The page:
Brian Johnson graduated ASU with a Bachelor of Science in molecular bioscience and biotechnology with a minor in philosophy and honors from Barrett, The Honors College. He earned a PhD in biological design from ASU in 2018.

He is currently participating in the Presidential Management Fellow Program at the National Institutes of Health.

Johnson took out time to explain how he is progressing and give an insider’s look at the program. Here is what he had to say.

Question: How did you become interested in the PMF program?

Answer: As I was nearing graduation I was exploring opportunities outside of the traditional academic career track, including the AAAS Science and Technology Policy Fellowship program. The AAAS website listed similar programs that applicants might be interested in, including the PMF program. I was especially drawn to the PMF program because of the opportunities for leadership training. I co-founded a not-for-profit corporation several years ago, and my experiences there had made me interested in further developing these skills beyond the “winging it” I had been doing up to that point!

Q: Which agency do you work with? What do you do there?

A: I am at the National Institutes of Health, specifically the National Cancer Institute. Rather than being assigned to a single office, I am instead completing four four- to six-month rotations at NCI offices and one external rotation as mandated by the PMF program. I have completed two rotations so far and am currently in my third.

The first rotation was at the Coordinating Center for Clinical Trials, where I worked as an analyst to help develop tools to facilitate analyzing the portfolio of clinical trials that NCI supports.

My second rotation was the external one mandated by the PMF program. This was at the Department of Health and Human Service’s Office of Research Integrity. This office is responsible for overseeing investigations of allegations of research misconduct in HHS-supported grants. During this assignment my main project was developing guidance to support institutions in carrying out their investigations.

Finally, I am currently at the NCI Office of Budget and Finance, where I have participated in the work to ensure that final NCI budget for the fiscal year matches what was mandated by Congress in the federal budget.

I should note that while the PMF program mandates the external rotation, not all agencies allow fellows to rotate in multiple internal offices as mine has; it is generally more common for a fellow to spend the majority of their time in one office for the duration of the program (outside of their external experience).

Q: What has your experience in the program been like so far?

A: It has been fabulous! This program has given me the opportunity to learn and grow in new areas while at the same time contributing my own knowledge and expertise to the offices I have worked in.

The PMF program officials and the PMF coordinators at NIH and NCI clearly care deeply about the program, and have put a lot of effort into making these two years as impactful as possible for both the fellows and the offices that hire them. My fellow PMFs are a wonderful group of people, and it has been a privilege getting to know them.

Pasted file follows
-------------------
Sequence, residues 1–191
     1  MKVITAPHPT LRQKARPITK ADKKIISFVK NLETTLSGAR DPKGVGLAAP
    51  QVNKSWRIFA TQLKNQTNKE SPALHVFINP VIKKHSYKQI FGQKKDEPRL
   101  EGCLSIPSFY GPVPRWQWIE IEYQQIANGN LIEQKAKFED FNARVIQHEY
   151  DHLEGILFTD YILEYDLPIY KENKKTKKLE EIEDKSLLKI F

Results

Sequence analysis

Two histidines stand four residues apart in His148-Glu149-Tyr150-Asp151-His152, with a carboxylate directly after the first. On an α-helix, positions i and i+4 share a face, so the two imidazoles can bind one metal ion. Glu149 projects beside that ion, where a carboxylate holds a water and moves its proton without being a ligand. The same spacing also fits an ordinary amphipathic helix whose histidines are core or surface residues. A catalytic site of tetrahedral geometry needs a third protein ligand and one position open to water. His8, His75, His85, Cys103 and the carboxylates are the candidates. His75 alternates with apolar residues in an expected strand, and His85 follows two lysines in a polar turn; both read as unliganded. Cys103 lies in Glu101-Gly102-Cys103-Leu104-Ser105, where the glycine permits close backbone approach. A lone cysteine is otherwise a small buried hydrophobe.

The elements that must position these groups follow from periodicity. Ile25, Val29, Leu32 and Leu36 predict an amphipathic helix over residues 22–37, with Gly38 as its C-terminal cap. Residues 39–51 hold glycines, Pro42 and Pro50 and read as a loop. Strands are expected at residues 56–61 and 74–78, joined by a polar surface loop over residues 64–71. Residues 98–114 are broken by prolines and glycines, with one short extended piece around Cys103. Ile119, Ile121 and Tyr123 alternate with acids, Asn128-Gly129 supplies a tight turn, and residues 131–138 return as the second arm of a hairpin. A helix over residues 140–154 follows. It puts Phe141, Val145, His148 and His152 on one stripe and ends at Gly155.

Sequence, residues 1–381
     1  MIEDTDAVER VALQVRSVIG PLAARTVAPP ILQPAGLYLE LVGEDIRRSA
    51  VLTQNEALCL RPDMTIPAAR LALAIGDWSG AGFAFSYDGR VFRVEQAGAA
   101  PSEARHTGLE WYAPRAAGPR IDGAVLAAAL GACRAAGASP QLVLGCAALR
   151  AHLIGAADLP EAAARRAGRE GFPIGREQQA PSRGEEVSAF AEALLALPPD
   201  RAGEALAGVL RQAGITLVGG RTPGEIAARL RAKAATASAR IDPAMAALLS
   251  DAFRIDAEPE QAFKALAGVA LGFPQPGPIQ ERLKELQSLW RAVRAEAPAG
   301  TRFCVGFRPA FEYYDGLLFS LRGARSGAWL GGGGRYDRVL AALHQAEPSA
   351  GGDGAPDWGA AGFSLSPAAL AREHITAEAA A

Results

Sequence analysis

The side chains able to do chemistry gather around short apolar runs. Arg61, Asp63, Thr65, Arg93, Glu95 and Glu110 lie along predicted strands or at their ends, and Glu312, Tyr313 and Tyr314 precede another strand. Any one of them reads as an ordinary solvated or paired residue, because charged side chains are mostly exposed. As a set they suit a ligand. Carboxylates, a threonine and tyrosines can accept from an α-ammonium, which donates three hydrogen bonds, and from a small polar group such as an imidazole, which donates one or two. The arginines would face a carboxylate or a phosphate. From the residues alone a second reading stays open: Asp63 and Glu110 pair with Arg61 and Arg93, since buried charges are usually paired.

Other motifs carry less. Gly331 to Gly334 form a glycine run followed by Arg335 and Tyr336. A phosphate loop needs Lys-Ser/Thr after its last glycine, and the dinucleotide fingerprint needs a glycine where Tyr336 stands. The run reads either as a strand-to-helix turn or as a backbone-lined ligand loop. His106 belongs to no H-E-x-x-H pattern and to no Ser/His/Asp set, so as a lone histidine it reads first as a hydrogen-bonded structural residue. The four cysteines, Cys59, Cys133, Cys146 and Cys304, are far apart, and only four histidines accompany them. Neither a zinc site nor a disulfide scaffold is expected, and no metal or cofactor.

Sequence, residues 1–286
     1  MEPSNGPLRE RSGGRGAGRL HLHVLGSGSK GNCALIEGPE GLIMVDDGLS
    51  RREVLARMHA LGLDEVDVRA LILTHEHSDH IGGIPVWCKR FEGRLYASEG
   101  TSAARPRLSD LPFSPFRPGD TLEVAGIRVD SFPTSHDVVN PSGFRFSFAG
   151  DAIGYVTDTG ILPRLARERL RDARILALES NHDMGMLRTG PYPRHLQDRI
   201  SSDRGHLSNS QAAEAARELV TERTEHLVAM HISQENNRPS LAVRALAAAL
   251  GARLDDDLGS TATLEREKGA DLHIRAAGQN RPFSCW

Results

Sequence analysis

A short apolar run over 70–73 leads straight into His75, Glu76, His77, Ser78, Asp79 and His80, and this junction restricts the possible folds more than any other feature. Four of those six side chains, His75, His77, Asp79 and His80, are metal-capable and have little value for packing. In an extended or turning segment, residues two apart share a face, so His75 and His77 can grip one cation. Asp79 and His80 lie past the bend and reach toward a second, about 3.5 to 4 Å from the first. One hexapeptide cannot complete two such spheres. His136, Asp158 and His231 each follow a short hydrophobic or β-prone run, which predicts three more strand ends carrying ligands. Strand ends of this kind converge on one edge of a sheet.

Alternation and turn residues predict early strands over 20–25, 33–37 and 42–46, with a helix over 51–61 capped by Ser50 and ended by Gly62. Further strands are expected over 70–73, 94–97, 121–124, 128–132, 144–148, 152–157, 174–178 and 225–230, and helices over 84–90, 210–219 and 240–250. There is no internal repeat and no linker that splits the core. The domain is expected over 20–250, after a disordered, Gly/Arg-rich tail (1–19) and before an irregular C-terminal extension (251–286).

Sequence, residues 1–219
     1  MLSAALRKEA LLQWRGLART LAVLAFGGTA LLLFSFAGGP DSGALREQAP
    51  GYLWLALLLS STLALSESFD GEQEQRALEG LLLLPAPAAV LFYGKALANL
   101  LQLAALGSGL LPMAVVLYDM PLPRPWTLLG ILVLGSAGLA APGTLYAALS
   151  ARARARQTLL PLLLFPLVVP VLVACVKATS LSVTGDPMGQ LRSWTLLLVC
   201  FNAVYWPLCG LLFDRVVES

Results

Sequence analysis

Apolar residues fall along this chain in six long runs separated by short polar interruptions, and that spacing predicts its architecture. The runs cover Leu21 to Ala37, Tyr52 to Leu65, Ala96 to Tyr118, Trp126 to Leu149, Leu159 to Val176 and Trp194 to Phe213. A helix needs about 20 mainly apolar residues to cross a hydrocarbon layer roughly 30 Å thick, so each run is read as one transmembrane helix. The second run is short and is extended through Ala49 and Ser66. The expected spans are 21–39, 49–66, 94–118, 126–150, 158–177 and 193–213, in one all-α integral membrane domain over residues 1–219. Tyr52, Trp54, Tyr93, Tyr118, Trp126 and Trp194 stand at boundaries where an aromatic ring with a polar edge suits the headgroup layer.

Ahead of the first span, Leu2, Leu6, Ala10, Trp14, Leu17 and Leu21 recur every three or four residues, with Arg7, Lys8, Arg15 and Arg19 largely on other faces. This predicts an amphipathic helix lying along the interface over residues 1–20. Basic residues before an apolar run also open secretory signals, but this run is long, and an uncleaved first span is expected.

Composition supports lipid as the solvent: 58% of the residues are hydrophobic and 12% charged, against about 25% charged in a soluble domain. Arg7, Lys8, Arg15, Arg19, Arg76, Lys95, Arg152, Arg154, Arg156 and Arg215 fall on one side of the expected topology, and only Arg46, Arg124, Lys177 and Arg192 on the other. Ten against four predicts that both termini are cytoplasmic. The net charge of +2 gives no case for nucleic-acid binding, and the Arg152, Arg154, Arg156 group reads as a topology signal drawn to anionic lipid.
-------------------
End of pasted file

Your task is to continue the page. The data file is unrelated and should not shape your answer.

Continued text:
Q: What position might you take after completing the PMF program?

A: I will likely pursue a role as an analyst of some kind as I have been enjoying this kind of work.

Q: Would you recommend the program? Why?

A: Absolutely, without reservation. When I found out that I had been selected by the NCI, I was a bit nervous at first as this experience would be very different from anything I had done up to that point and I was worried about my own ability to adapt to such a huge shift. However, everyone that I have worked with has been incredibly supportive, and I have found myself loving the work.

When I complete the program I have every intention to remain as a permanent federal employee, and the PMF program has opened so many doors to make this possible.

Q: What advice do you have for students who may be interested in applying to the PMF?

A: Really spend some time thinking about what you specifically want to get out of the program, and what you in turn can contribute to it.

Remember that the ultimate goal of the PMF program is to build the next generation of leaders in government. Any leadership experiences you can demonstrate, such as at volunteer organizations or student government, can be a big help.

Although your technical knowledge is important and valued, I’ve spent more time discussing my experiences outside of the lab than my dissertation research.

Q: Anything else you would like to add?

A: The PMF program has existed since the '70s. This means that you are likely to encounter many people who either are or who have worked with PMFs – especially in agencies that tend to bring in many fellows, such as NIH. This means that the program is fairly well known and can be a great tool for networking.

One of the best aspects of being at PMF at NIH is that I have had a lot of opportunities to connect with people across the institutes. Simply emailing someone saying, “I’m a PMF and am new to government and want to learn more about what you do,” has allowed me meet some incredible people, observe the hiring process for a senior executive position, and even tour a manufacturing facility while it was down for annual maintenance.

Nicole Greason

Public relations and publicity manager , Barrett, The Honors College